The most important moments of your life aren’t the ones you plan for. They’re the ones that you don’t see coming, that hang on a an accident of timing, a simple twist of fat. It’s like in that old Gwyneth Paltrow movie, you know, Sliding Doors, where what happens to her character depends on whether she manages to catch the train before the sliding doors close. Or not.
Lucie has just discovered that her best friend and her boyfriend are cheating on her. She doesn’t know what to think, what to do. So when her grandmother’s agency offers her an opportunity to travel to Paris for Christmas, she seizes it. She is to be a paid companion to Arizona Kingdom, an international pop singer. But this imagined paradise has some challenges. Arizona’s guardian is an overprotective relative they dub the Gorgon. Lucie is sure she and Arizona’s father are overprotective and should just lighten up. Sure, there are some odd characters around, but nothing that two teenagers can’t handle. Nothing is that simple, and Lucie’s already shaken sense of who to trust is rattled further. Being 16 in Paris might be glorious, but she’s discovering that there are secrets and mysteries almost everywhere she looks.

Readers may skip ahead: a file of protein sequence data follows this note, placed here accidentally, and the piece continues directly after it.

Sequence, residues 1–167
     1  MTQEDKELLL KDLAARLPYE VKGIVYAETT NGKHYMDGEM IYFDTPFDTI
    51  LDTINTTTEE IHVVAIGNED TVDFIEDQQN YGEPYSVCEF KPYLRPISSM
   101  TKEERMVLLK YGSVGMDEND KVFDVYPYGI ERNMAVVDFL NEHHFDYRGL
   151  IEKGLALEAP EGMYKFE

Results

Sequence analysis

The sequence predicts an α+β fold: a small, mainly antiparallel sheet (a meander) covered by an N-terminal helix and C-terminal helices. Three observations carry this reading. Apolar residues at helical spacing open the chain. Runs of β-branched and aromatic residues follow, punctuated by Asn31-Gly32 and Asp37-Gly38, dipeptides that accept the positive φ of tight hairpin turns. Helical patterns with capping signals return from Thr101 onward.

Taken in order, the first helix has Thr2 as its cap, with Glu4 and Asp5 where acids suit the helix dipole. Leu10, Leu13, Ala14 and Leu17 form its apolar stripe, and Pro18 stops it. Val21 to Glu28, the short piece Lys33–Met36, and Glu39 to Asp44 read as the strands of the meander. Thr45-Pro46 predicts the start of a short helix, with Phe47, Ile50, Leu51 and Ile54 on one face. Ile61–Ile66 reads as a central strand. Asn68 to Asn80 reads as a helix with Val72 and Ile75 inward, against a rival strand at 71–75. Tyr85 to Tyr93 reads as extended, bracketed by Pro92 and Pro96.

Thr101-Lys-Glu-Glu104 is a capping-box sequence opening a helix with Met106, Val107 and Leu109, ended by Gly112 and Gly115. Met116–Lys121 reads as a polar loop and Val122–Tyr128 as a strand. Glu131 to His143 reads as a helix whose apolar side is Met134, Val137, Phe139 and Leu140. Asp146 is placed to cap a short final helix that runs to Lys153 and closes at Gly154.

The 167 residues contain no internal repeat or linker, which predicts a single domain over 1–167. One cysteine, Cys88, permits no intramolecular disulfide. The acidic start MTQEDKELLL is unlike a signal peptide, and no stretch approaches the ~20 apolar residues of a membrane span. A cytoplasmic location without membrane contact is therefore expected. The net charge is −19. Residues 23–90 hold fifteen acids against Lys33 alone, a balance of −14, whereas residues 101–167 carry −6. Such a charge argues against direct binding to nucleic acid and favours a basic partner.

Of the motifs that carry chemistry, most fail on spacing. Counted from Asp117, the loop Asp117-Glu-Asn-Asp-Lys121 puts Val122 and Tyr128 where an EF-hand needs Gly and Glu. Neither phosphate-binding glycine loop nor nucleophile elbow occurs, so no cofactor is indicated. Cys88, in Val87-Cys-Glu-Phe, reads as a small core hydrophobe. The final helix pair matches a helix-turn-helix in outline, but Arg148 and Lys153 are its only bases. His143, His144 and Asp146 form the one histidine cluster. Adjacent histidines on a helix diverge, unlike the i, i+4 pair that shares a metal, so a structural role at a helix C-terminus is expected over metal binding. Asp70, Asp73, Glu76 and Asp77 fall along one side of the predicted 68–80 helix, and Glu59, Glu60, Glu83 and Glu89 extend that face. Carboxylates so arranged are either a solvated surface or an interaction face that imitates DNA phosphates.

Pop Princess begins in Australia but the action rapidly moves across the world to Paris. Lucie’s life is already a little unusual in that she lives with her grandmother while her father jets around the world in search of stories for his books. He’s seldom at home. Her mother was a writer too but was killed in Russia in a botched kidnap-rescue attempt. But travelling to Paris to stay with a pop star and her apparently paranoid aunt and father, Lucie learns a lot more about different types of family. She tells her story in first person and is full of curiosity and confidence. These traits get her alternately into and out of trouble, both by herself and with her new friends. She’s constantly trying to make sense of the strangeness around her and having to reassess the trustworthiness of the people around her. Along the way, she learns to listen to her own voice. Pop Princess is aimed at teenage girls who enjoy a mystery, especially one set in the capital of fashion, history and romance, Paris. Recommended for 13 + readers.
Pop Princess, Isabelle Merlin
Random House Australia 2009
review by Claire Saxby, Children’s Author